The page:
Out of the Silence, John McLeod, Music Review International by John France.
23rd of July 2018.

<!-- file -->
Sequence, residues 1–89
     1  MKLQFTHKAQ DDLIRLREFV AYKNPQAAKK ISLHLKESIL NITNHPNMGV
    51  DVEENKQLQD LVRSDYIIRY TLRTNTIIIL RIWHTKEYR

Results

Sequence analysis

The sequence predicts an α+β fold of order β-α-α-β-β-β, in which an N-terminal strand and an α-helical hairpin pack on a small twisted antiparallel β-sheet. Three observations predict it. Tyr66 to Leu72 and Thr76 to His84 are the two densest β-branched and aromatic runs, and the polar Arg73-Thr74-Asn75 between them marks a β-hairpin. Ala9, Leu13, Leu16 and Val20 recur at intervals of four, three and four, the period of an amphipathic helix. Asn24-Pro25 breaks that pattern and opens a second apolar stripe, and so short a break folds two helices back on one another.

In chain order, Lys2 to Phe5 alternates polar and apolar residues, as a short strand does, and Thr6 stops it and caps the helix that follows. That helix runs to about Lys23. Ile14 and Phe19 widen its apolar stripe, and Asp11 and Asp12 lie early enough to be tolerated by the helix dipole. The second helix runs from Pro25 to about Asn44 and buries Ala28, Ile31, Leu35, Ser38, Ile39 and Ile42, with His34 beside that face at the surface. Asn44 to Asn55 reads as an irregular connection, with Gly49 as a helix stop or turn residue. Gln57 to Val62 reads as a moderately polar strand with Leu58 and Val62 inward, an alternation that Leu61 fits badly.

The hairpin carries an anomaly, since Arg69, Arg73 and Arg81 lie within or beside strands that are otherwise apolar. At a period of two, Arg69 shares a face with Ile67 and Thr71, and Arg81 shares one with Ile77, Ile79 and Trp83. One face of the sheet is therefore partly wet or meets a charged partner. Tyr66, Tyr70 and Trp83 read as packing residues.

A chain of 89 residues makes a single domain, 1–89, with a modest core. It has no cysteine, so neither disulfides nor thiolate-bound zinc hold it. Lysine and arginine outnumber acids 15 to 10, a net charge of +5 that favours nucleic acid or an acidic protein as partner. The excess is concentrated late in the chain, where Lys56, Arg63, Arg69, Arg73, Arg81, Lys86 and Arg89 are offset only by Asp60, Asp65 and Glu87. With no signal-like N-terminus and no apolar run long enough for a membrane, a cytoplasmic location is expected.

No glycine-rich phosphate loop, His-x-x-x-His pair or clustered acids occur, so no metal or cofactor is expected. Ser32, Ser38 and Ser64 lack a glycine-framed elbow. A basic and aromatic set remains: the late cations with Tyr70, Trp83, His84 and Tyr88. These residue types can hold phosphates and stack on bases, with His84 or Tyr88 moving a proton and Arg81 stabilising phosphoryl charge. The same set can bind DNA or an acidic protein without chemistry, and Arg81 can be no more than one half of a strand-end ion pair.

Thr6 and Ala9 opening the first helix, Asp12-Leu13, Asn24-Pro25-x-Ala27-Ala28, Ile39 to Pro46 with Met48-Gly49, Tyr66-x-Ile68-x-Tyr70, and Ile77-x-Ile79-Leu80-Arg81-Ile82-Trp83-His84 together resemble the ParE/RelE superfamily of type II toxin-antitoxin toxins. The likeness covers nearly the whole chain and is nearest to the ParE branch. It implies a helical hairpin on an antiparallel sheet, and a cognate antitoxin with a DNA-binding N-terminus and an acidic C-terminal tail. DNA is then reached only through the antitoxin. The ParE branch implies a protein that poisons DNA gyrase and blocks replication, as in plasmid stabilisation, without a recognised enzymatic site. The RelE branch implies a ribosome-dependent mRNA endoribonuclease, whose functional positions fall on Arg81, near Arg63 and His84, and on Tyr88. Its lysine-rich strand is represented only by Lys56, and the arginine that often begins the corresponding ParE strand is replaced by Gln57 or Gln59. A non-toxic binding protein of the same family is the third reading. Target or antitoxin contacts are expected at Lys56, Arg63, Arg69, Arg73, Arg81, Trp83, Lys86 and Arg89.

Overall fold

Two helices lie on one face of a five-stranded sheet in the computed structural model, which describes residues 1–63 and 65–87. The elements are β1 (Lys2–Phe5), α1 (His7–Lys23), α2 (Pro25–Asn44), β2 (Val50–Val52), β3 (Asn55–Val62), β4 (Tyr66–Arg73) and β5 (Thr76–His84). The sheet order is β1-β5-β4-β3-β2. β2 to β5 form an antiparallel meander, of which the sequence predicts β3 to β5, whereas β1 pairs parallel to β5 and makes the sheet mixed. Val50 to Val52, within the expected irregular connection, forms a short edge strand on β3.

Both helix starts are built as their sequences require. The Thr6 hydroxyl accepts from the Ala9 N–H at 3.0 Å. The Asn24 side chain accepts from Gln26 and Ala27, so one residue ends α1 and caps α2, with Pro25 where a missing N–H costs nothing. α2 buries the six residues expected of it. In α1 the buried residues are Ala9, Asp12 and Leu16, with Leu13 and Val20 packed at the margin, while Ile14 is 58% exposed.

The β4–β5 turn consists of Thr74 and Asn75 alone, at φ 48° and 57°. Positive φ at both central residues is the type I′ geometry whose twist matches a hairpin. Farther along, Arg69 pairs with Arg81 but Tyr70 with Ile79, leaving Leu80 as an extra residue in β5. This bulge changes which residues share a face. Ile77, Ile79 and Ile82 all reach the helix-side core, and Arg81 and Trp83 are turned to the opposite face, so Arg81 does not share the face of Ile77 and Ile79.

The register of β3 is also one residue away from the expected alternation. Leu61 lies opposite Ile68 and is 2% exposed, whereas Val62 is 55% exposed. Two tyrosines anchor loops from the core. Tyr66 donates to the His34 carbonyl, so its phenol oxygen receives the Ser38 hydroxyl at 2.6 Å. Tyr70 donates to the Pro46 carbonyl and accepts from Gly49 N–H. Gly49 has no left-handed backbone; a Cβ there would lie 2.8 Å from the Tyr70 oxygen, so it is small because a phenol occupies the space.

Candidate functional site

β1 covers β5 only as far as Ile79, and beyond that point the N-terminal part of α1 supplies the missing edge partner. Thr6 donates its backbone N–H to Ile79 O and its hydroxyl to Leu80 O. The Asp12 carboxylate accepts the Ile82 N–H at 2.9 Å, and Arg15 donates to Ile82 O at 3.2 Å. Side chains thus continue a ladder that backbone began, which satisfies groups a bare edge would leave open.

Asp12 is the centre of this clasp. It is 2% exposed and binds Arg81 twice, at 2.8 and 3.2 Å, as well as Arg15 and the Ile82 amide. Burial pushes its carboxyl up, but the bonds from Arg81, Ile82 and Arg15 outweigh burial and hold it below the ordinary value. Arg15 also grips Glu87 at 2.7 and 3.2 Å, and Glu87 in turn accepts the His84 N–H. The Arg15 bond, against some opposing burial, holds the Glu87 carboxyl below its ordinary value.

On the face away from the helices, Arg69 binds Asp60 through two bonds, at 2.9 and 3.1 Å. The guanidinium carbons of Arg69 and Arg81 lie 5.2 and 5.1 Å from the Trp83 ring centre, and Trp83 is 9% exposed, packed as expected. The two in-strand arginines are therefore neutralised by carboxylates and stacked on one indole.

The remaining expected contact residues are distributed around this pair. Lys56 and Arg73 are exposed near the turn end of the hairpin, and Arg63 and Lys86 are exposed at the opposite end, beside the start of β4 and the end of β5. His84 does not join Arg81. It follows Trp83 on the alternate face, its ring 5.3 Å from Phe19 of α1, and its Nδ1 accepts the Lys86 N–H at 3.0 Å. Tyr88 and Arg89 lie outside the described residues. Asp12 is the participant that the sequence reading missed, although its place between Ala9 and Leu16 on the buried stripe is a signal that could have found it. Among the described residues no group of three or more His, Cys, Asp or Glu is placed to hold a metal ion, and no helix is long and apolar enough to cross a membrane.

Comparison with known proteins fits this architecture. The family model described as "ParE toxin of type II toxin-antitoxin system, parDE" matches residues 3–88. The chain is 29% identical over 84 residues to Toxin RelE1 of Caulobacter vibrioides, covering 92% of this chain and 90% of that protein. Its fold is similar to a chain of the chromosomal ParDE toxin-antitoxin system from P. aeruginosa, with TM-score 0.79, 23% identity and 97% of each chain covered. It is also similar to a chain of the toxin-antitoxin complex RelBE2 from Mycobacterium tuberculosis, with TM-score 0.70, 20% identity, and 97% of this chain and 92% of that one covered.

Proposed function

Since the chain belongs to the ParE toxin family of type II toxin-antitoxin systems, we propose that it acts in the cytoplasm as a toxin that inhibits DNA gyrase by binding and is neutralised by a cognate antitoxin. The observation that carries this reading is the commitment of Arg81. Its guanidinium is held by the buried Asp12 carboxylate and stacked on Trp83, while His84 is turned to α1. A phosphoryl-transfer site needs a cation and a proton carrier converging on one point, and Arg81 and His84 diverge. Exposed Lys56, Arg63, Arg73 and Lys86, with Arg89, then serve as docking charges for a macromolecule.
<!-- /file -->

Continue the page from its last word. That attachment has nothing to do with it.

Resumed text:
The Percussion Concerto is by far the longest work on this CD, running to some 27 minutes. It was composed in 1987 for the present soloist Dame Evelyn Glennie. The work is conceived in five movements: Cortege with Fanfares, Scherzo I, Nightscape (Callanish), Scherzo II and Aubade with Fanfares. The Concerto could be defined as a homage to Bartok with its inverted arch form and central night-music section reminiscent of the Hungarian composer’s Fourth String Quartet (and other works). The score calls for a vast array of percussion instruments, including the timps, side drum, cymbal, marimba, temple blocks, tom toms, cow bells, mark tree, chinese cymbals, vibraphone, crotales and gongs. It is an impressive range that requires sheer virtuosity in performance. The highlight of this Concerto (for me) is the haunting Nightscape. This music is an evocation of the Stone Circle at Callanish on the Isle of Lewis. It is a perfect fusion of percussion, French horn and strings creating a wonderful sense of stasis and timelessness that is both moving and impressive. There is exciting music in the two scherzos and the work concludes with a Messiaenic (or is it Ravelian) ‘dawn chorus’ which builds up into a whopping climax. The liner notes explain that like the Connection, this concerto introduces controlled improvisation. Despite all this interesting and fascinating music, I am not convinced about the Percussion Concerto. I have listened to this work right through twice in preparing this review. I guess I just do not quite get it. I know not why.